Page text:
‘Nature knows best’ is a concept that is making big gaining ground across industries. Increasingly, products and processes are imitating real life examples known as biomimicry.
With domestic water heating accounting for around 18% of our national energy consumption and up to 40% of a home’s domestic energy consumption, solar water heating has a vital role to play in South Africa’s renewable energy mix, contributing to the complimentary agendas of both energy security and greenhouse gas emission concerns.
A project, the eMonti Green Hub concept, initiated by People’s Power Africa (PPA), a small Eastern Cape-based consultancy, recently attracted the attention of Dutch royalty by way of receiving first prize in the Moola for Amanzi competition.
Although geothermal heat exchange system installations have become common in other parts of the world, this technology is still fairly new in South Africa.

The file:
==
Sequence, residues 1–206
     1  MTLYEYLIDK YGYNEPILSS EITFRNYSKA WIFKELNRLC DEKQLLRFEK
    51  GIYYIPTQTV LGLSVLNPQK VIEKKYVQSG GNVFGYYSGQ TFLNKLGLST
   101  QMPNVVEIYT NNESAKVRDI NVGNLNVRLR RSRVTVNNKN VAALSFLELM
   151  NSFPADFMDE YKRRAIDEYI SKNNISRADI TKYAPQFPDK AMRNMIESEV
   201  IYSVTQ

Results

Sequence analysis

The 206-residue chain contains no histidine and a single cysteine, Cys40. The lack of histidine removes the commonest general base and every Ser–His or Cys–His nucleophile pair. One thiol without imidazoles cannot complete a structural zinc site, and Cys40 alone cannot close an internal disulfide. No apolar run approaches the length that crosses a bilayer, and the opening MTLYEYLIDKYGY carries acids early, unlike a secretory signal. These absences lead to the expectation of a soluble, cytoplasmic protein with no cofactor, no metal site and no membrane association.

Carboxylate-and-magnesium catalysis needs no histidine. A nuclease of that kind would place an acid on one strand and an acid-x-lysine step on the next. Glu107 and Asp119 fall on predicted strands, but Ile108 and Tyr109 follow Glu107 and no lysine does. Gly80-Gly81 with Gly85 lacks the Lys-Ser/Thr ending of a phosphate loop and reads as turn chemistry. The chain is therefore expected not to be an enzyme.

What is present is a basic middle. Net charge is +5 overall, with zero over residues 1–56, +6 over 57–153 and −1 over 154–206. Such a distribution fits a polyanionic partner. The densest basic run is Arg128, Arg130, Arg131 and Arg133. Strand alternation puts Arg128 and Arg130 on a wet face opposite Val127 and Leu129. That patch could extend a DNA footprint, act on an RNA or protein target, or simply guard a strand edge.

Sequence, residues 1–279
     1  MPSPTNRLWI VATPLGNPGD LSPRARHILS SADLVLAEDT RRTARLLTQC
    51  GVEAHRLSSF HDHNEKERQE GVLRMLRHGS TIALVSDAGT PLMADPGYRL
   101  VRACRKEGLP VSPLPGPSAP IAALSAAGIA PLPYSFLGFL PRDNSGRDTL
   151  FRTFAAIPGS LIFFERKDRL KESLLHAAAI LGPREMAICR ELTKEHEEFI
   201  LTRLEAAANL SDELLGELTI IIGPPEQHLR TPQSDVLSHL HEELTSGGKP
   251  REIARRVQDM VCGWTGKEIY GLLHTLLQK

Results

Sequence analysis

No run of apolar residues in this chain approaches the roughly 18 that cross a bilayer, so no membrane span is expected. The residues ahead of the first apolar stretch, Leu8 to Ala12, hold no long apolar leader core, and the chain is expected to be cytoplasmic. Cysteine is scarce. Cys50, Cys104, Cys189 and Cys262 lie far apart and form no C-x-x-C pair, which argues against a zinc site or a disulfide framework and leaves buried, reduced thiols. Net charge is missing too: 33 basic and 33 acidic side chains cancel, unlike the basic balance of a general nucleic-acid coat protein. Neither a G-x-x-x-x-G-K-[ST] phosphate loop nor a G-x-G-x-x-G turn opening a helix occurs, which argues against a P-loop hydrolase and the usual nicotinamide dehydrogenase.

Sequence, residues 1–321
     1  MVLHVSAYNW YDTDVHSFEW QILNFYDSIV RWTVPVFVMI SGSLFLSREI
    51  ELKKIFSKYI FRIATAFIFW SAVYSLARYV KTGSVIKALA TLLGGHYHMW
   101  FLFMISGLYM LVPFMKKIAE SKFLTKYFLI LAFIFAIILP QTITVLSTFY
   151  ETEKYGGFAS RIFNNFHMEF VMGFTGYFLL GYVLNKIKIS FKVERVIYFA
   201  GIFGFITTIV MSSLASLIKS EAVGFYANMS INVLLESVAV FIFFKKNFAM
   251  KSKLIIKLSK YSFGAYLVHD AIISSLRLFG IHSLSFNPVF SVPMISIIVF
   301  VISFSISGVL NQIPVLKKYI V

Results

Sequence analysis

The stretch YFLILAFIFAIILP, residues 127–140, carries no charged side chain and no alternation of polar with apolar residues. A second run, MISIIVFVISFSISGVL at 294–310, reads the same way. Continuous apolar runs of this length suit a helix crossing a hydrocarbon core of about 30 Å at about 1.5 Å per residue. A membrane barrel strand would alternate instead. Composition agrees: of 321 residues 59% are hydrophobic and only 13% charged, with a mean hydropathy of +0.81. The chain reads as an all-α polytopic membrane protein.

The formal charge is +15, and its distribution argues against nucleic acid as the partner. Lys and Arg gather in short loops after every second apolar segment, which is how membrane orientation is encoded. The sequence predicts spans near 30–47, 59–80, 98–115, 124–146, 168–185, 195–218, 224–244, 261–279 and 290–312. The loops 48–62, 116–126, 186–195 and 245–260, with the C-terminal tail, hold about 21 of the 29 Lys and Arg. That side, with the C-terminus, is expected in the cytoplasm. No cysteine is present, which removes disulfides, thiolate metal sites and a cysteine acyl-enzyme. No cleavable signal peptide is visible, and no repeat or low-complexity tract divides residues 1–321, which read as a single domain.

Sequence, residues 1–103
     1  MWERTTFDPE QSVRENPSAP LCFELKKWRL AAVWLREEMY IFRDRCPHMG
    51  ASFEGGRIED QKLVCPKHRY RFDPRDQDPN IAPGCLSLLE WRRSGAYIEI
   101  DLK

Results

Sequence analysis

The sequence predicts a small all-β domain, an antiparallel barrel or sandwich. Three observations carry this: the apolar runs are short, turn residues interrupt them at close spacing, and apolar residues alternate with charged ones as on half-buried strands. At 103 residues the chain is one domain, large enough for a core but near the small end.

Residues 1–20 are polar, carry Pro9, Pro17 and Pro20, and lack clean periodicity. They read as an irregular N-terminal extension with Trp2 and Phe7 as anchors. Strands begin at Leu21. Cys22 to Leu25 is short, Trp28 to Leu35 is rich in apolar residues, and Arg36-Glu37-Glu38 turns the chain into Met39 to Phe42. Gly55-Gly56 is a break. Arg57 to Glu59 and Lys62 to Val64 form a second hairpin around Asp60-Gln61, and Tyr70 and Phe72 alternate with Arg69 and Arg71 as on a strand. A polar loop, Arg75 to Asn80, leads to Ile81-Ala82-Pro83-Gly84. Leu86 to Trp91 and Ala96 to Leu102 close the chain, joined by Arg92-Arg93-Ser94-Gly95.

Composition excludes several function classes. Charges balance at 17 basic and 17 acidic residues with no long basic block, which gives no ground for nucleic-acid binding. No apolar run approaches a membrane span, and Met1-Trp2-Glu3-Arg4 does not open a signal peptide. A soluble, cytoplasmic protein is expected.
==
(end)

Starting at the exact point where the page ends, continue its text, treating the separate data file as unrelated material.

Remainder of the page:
The advantages of thin film solar cells lie in their low cost and high conversion rate. This has major commercial implications, especially in view of long-held views that solar energy is a comparatively expensive form of alternative energy.
Biogas digesters are nothing more than complex reactor vessels which are sealed off from the air on the outside to present an oxygen-free or anaerobic environment on the inside. Built or manufactured using a variety of methods, shapes and materials, the basic operation is always the same. Organic wastes are introduced into the vessel and the types of bacteria that thrive in anaerobic conditions get to work, breaking the waste down biologically and physically with a valuable by-product – biogas.
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